In a New York Press review of Extremely Loud and Incredibly Close (which wasn’t as well received as Illuminated), Harry Siegel lynched Foer for being, as he described it, “willfully young.” Krauss’s debut, Man Walks Into a Room, was published in 2002 as well, and by the time her second novel, The History of Love, came out in 2005, at the very same time as Foer’s Extremely Loud, the backlash to the backlash had become even more meta. Both books featured similar plots and books-within-a-book; MediaBistro.com even asked whether the couple had planned it as “a cute postmodern joke” between themselves. It seemed like some kind of pre-packaged setup and punch line for critics to tap into as they saw fit.
Winston, who acquired the paperback reprint rights to Illuminated, says she fell in love with Illuminated, and not because of Foer’s looks. However, Winston notes that it isn’t enough these days for something to just work on the page. “If you find out, say, from the agent, that the person is also extremely attractive and really young . . . I don’t think the publishing community is idiotic. You think, ‘Oh, that’s a bonus.’ But you’re not going to not publish the book if that’s not the case.” Literary Darwinism is full of mixed messages like these.
Sometimes, though, it’s about being at the right place at the right time. Nell Freudenberger, 31, had a particularly auspicious introduction. While toiling as an editorial assistant for the New Yorker, fiction editor Bill Buford discovered she wrote short stories, and published one of them in the magazine’s 2001 Summer Fiction issue. Every writer featured in that issue was photographed, but Freudenberger’s picture was especially flattering. Given that she is naturally stunning, this isn’t a difficult feat. So there she was, posed on top of a shiny coverlet on a bed in her apartment, appearing equal parts serious and sensual with her slender figure, large eyes, and pert nose. The debate began over her story: was it really good enough for the New Yorker? Was it included because of her insider status? Then, quickly, the topic switched to Freudenberger’s looks. Did her heavy eyelashes and searching expression sell her piece?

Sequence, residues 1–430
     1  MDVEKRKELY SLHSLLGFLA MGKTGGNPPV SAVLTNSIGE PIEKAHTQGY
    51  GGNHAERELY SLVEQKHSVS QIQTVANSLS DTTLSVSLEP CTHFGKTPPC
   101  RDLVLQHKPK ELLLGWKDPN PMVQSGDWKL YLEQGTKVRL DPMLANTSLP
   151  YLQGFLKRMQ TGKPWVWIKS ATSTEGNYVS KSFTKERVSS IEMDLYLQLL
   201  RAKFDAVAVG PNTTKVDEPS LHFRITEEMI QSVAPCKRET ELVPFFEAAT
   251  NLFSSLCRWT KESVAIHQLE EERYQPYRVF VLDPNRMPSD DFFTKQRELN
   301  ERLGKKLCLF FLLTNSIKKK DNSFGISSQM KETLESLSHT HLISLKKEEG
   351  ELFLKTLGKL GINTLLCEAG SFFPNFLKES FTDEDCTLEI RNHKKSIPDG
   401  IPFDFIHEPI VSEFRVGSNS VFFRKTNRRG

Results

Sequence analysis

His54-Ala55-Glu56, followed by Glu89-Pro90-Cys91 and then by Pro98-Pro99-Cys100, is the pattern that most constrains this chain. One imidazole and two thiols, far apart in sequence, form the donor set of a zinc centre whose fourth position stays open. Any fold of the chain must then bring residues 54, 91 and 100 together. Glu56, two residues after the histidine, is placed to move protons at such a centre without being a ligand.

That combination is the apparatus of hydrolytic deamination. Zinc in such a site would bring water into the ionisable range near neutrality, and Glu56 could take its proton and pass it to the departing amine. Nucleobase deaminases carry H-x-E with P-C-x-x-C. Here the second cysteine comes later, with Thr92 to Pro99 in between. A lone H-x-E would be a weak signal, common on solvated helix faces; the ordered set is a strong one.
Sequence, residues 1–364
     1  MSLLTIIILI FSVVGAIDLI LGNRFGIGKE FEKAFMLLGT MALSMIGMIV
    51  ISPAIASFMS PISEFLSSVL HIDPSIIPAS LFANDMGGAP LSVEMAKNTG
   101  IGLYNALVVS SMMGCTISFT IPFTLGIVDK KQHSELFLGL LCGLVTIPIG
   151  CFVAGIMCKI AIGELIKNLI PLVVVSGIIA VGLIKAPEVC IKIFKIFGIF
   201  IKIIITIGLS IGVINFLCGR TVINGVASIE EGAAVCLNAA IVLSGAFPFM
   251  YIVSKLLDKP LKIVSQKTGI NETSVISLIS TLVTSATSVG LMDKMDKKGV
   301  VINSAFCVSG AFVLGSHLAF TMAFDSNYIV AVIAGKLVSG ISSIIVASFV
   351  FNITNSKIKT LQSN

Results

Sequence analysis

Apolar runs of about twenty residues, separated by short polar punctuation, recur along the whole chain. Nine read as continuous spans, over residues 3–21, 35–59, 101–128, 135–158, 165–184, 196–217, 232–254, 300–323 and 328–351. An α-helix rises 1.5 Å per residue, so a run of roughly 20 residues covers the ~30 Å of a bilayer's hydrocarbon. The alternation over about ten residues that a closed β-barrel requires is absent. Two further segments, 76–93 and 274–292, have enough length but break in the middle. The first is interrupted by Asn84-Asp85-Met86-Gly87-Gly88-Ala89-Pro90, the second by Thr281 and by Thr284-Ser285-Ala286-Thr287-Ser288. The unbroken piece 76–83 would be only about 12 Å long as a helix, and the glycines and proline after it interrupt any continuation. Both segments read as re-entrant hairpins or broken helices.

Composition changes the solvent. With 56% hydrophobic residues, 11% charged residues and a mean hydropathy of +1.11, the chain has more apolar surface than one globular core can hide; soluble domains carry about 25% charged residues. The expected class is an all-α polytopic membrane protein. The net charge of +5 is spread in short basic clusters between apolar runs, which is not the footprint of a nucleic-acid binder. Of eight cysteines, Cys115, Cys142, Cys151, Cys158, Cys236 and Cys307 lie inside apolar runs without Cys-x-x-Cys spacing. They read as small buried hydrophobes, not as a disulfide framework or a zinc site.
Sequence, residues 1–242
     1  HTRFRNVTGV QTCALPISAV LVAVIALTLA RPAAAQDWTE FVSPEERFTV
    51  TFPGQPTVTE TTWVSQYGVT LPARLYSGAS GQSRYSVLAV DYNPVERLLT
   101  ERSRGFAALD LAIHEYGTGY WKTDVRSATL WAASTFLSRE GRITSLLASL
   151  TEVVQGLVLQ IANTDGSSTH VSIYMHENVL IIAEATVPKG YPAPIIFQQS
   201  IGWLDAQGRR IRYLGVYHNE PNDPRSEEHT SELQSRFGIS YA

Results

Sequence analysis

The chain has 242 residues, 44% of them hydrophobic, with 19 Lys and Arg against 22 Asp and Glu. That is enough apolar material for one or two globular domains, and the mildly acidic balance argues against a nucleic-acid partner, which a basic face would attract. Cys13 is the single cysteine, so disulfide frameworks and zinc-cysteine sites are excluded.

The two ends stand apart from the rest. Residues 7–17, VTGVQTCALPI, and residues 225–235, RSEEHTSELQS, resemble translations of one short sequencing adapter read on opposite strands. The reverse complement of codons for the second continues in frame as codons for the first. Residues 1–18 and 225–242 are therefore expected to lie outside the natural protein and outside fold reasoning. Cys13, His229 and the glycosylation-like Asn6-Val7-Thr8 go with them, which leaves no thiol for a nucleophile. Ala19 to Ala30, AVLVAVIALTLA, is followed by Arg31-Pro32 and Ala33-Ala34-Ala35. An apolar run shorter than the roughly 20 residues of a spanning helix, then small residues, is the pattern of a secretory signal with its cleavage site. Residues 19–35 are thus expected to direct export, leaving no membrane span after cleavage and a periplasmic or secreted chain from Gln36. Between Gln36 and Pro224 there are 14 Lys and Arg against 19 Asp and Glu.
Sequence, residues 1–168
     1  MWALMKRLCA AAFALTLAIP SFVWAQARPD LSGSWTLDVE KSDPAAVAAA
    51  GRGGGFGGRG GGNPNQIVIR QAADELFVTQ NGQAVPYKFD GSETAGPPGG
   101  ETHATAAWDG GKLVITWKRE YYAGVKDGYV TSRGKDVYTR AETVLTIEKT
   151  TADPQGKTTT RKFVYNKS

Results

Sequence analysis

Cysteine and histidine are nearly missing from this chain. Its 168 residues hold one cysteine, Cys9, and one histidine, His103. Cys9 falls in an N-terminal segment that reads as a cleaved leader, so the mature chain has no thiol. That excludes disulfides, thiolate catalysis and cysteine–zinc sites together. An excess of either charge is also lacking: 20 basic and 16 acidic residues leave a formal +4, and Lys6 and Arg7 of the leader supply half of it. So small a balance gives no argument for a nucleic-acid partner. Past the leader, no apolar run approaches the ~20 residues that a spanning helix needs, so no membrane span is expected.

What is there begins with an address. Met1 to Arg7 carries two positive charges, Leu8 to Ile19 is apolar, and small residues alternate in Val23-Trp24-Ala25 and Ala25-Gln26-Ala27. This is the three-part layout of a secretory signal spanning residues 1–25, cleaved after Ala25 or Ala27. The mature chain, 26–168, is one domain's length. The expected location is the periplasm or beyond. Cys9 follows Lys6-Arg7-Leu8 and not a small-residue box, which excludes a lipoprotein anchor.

After her story ran, Freudenberger published her first collection, Lucky Girls, which received a favorable reception and was reviewed in publications ranging from Vogue to The New York Times Book Review. In her particularly snide Salon piece, Curtis Sittenfeld, an Iowa Writer’s Workshop graduate and the author of Prep, felt it her duty to take Freudenberger to task. Sittenfeld’s review, entitled “Too Young, Too Pretty, Too Successful,” doled out a series of viciously back-handed compliments to pre-empt her opinion about the book — which she admitted to liking, just not “loving.” “It would be overstating it, but not by much, to say that you could see down her shirt,” Sittenfeld declared of the New Yorker photograph, and admitted to hating Freudenberger for what she stood for. She then sarcastically derided Freudenberger’s decision to turn down a reported $500,000 offered during a bidding war for a reported $100,000 from Ecco, a HarperCollins imprint: “Meaning she was, like, virtuous and un-greedy on top of everything else — it was sickening!”